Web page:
November 8, 2018
Let’s face it, we can’t live without technology. From the moment the alarm rings in the morning, to the daily commute home, technology is ingrained in our daily lives – and has grown into probably the most influential industry in the world.
Despite the mainstream proliferation of technology, however, women are still woefully underrepresented in this field. LEWIS recognises that having inspiring role models to look up to is critical in fostering a curiosity for technology at a young age – and that not having them puts a barrier in the way of girls entering the technology field.
LEWIS recently pledged to PwC’s Tech She Can Charter, an initiative aimed at motivating young women to pursue careers in tech. Inspired by this, we will be launching the ‘LEWIS Muse’ series. Over the coming weeks, we will be featuring the real-life stories of women who have paved their own way in the tech industry. This series will showcase the inspirational women we work with, including LEWIS employees, clients and partners.
Where better to start than with Ruth Jones, Managing Director of LEWIS UK?
Many people think you need to learn everything there is to know about technology at an early age in order to be able to work in the industry. But that definitely wasn’t the case for Ruth.
I grew up in Bradford and went to run of the mill primary and secondary schools. For A Levels – commonly regarded as one of the most stressful times in anyone’s educational life – I studied Communication Studies, History and Sports Science.
No, they didn’t have anything to do with technology.
And that’s just it. You don’t have to know you want to be in this industry from an early age. You can always learn about and grow to love it. That’s exactly what I did.
I’m the first to acknowledge that Sports Science hasn’t yet been much use in my career. But what I took out of History and Global Communications definitely was. The skills I learnt in these subjects are the tools I use on a daily basis. Understanding communication is key to what I do. Digesting information and narrative is useful in any job you might have.
The period after A Levels is always a key moment in anyone’s life. There seems to be a huge variety of options on offer: how do you choose between work, taking up an apprenticeship or going to university? I decided on the academic route. I went to Northumbria University where I studied Marketing Management.
It may seem like something your granny would say but it’s true: working hard and always looking to achieve the best results means you’re halfway there. And being a woman shouldn’t stop you aiming for the top.
As a recent graduate working for technology-focussed public relations agency Johnson King, I rose to become an Account Manager in less than four years. That was my first experience of the technology industry.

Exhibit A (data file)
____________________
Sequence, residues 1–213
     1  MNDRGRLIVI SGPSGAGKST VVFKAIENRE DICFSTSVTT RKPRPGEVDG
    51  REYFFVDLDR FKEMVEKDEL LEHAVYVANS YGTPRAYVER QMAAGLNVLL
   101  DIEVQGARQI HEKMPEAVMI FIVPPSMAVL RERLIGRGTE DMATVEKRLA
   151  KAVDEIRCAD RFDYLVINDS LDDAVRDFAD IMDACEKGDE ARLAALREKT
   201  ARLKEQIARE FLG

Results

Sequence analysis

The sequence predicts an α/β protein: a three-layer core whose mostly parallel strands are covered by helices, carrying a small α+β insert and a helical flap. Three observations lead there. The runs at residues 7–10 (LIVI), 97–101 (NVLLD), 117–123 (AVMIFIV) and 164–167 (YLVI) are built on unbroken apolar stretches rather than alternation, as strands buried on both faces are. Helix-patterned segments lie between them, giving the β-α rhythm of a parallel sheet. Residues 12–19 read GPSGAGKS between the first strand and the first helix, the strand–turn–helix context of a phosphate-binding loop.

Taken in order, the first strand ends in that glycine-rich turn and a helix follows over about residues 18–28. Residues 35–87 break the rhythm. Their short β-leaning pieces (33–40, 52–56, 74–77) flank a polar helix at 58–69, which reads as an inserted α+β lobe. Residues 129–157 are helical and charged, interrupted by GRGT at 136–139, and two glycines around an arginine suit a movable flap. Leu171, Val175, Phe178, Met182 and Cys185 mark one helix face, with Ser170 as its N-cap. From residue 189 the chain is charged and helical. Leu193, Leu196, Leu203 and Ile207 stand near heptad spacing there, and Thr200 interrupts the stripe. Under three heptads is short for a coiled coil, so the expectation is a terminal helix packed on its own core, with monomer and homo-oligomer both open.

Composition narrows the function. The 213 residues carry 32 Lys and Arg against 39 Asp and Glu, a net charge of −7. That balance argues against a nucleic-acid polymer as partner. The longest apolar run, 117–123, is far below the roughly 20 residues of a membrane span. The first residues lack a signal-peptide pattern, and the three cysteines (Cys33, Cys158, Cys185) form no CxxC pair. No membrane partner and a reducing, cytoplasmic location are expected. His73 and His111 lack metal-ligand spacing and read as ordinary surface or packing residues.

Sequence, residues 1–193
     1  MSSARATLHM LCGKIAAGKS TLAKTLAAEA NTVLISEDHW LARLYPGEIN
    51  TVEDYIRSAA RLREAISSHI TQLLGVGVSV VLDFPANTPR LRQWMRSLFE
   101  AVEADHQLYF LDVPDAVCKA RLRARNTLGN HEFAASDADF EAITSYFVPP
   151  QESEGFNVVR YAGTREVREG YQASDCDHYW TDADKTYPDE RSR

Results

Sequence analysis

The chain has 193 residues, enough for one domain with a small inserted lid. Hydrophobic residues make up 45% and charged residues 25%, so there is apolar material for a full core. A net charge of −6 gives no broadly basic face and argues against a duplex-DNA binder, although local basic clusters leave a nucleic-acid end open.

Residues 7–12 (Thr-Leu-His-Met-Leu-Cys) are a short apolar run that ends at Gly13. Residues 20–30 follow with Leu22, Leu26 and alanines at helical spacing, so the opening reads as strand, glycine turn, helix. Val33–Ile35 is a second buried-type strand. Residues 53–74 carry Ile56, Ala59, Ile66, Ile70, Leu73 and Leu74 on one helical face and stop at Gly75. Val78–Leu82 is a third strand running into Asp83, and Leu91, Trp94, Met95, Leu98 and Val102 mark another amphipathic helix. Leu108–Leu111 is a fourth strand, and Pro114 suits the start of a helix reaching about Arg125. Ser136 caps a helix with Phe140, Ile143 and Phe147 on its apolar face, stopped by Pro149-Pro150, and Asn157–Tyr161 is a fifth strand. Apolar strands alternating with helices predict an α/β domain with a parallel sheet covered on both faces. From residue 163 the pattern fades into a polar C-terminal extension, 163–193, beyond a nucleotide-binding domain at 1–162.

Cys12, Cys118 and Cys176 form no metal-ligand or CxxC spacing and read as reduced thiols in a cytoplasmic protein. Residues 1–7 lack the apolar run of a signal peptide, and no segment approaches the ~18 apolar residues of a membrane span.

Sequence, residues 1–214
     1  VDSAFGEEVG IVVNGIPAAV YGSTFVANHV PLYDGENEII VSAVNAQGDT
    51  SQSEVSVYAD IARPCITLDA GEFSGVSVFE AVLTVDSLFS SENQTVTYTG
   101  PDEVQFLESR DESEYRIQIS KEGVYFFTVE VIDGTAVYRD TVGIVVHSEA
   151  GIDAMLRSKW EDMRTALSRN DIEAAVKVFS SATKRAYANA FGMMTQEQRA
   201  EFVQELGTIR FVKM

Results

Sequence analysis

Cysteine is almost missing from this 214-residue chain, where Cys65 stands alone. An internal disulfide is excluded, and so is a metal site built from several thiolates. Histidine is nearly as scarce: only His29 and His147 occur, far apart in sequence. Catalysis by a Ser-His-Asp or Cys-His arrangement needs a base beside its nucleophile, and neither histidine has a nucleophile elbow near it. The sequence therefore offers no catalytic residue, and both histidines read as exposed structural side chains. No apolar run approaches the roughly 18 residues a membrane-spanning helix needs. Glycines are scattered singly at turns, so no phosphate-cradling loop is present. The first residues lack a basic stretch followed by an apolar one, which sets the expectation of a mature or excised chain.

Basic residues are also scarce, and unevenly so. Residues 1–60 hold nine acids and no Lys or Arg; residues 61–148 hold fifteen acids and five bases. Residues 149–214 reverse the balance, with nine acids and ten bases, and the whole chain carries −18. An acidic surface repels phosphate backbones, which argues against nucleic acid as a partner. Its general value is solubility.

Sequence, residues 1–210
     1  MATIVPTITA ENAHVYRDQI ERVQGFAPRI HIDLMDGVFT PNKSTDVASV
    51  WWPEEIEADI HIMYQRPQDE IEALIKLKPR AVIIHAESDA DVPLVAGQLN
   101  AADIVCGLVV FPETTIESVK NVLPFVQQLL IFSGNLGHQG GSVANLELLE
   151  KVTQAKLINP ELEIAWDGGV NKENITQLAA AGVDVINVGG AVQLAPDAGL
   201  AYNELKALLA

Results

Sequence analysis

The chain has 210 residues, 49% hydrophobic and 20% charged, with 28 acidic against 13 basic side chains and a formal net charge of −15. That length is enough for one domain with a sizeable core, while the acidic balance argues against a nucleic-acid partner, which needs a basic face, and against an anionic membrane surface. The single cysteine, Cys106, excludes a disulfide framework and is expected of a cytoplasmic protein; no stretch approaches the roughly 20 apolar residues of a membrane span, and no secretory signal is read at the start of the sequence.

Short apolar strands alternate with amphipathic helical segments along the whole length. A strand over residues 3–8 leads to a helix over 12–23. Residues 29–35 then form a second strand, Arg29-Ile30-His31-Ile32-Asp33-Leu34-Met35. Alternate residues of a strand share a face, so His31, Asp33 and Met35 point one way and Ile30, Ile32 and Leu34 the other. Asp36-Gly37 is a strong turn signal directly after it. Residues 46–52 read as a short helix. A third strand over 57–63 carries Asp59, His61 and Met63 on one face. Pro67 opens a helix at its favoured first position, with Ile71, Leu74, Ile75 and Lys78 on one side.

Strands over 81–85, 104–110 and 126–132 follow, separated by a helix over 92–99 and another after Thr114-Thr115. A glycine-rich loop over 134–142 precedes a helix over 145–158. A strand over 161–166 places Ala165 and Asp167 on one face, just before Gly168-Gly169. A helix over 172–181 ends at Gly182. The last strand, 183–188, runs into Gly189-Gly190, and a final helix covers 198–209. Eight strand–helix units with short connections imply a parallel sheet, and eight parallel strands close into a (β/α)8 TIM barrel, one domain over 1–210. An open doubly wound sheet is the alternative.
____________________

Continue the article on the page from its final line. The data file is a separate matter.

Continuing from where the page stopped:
I soon learnt that I couldn’t rely even on well-known brands to get noticed. Often these are the biggest challenge because people tend to feel they know the brand and there’s nothing more they think they can be told about it. This made me work harder to achieve better results.
What I was doing was thinking outside the box. I was always thinking about different ways to get noticed by doing something that went against the grain.
I did find Johnson King to be fairly gender-balanced; it wasn’t a primarily male-dominated firm. This is definitely key to allowing more women into the technology industry. The very fact that more women are seen in these roles allows others to aspire to be like them. This is a big step forward to achieving a more inclusive industry.
After becoming an Account Manager I decided to move to a different public relations agency. I was given new responsibilities and managed a wide range of clients. This led me to becoming Head of Technology of a firm called Speed. I felt that all my hard work in the few years following graduation had paid off.
At LEWIS, I went from Head of B2B to deputy MD, and am now Managing Director.
“I question everything that we do – and am always trying to do better.”
For me order is important. Ensuring you have a structure in place which helps identify the information you need is paramount. I trust and rely on others to tell me if something important or noteworthy has happened in the business. No leader is ever going to know everything that goes on so having a reliable information chain is fundamental to any business’ success.
My job is totally client-facing, something that is very important. Otherwise you have no finger on the pulse.
Early on in your career it’s possible that some bosses or senior team members may not believe that you have the technological knowledge to succeed. But Ruth has found that if they challenge you and you prove them wrong, they’ll buy in to your way of thinking.
I understand that the public relations industry can sometimes descend into being very ‘sales driven’. But this doesn’t have to be a bad thing. Skills such as quick decision making and the ability to know when to have a direct conversation with clients are really important.
When margins are being squashed it inevitably puts pressure on people and even fellow colleagues get competitive. This can make some people feel uncomfortable – but it shouldn’t hold them back. My best piece of advice when you are confronted with a situation like this is: “Don’t be scared to give it a shot”.